In mathematics, "reductio ad absurdam" is a type of proof that works like this: if you want to prove that something is true (or false), assume the opposite -- i.e., assume that it's false (or true) -- and then show that this assumption leads to an absurdity (typically a contradiction), from which you conclude that your assumption of the opposite was wrong, and that therefore the something is in fact true (or false). Indirect, but, in math at least, irrefutable. Outside of math, things are always a little messier, but a similar argument can be used in the case of moral or ethical issues as well -- if it can be agreed that a particular moral position runs into serious conflict with reality, then that alone should lead us to question the assumptions that led up to that position.
As a case in point, consider this review of G.A. Cohen's Why Not Socialism by Andy Lamey (entitled "The Thinking Man’s Marxist"). Cohen's brand of so-called "analytical Marxism" is immediately an oddity. To his great credit, he saw it as a contrast to what he apparently called "bullshit Marxism" -- namely, the vaporous rhetoric of the French post-structuralist, post-modern, post-post poseurs. But Marxist socialism, with its origins in Hegelian dialectic and its roots in a collectivist political backlash is, to say the least, a difficult fit with the arid, logical procedures of Anglo-American philosophical analysis. Nevertheless, Cohen tries to force the two together, with the result being the illustration of the moral reductio I've mentioned, at least as summarized by Lamey, who quotes Cohen as saying:
“The socialist aspiration is to extend community and justice to the whole of our economic life. As I have acknowledged, we now know that we do not now know how to do that.”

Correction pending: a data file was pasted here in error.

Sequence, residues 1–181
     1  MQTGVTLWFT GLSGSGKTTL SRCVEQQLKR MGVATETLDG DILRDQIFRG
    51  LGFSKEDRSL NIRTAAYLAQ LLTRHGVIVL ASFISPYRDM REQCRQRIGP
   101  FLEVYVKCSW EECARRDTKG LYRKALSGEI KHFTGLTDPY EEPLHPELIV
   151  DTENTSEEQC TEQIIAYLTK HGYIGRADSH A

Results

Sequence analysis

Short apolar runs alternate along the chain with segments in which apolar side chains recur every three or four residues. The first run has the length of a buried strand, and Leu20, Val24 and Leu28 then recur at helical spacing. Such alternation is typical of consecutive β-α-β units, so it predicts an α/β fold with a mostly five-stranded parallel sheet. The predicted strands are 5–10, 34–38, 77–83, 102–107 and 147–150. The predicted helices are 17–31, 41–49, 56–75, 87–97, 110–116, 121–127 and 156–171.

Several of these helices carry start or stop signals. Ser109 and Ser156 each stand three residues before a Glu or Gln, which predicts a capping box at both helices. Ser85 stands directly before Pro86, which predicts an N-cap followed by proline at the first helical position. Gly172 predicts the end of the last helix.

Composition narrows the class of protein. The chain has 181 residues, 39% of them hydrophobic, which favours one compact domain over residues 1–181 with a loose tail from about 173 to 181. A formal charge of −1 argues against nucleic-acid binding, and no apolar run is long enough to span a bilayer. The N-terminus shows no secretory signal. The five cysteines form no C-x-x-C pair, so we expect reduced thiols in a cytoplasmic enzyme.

Cohen’s conclusion is thus a mixed one. We should endorse his two moral principles even though there is no sign they will lead to socialism any time soon. But perhaps they could have some application here and there, as in the education or health spheres. Or perhaps one day our circumstance will change and socialism will become possible. Cohen’s closing lines refer to markets as systems of predation. “Our attempt to get beyond predation has thus far failed. I do not think the right conclusion is to give up.”
There's a kind of pathos here -- Cohen, raised in the socialist faith and desperately hoping to cling to it at whatever cost, was still both rational and honest enough to admit that, as far as he or anyone could see, it was an impossibility. What he could not do was take that one next step in the reductio sequence -- re-examining the moral assumptions that had led him into this fatal conflict with the real world.
Cohen is by no means the only one brought to this sort of moral impasse, though he's more explicit about it than most. Others reaching the same dead end may decide that it's the world that's false -- or, in moral terms, not "good enough" -- rather than their beliefs, a kind of insanity, perhaps, that cultural processes akin to natural selection will tend to weed out. But there's no denying the depth of the crisis in which one is immersed when one's most fundamental values appear to be implicated in fundamental contradiction with reality. In a subsequent post, I want to look at the value that I think is primarily responsible for this kind of crisis: equality.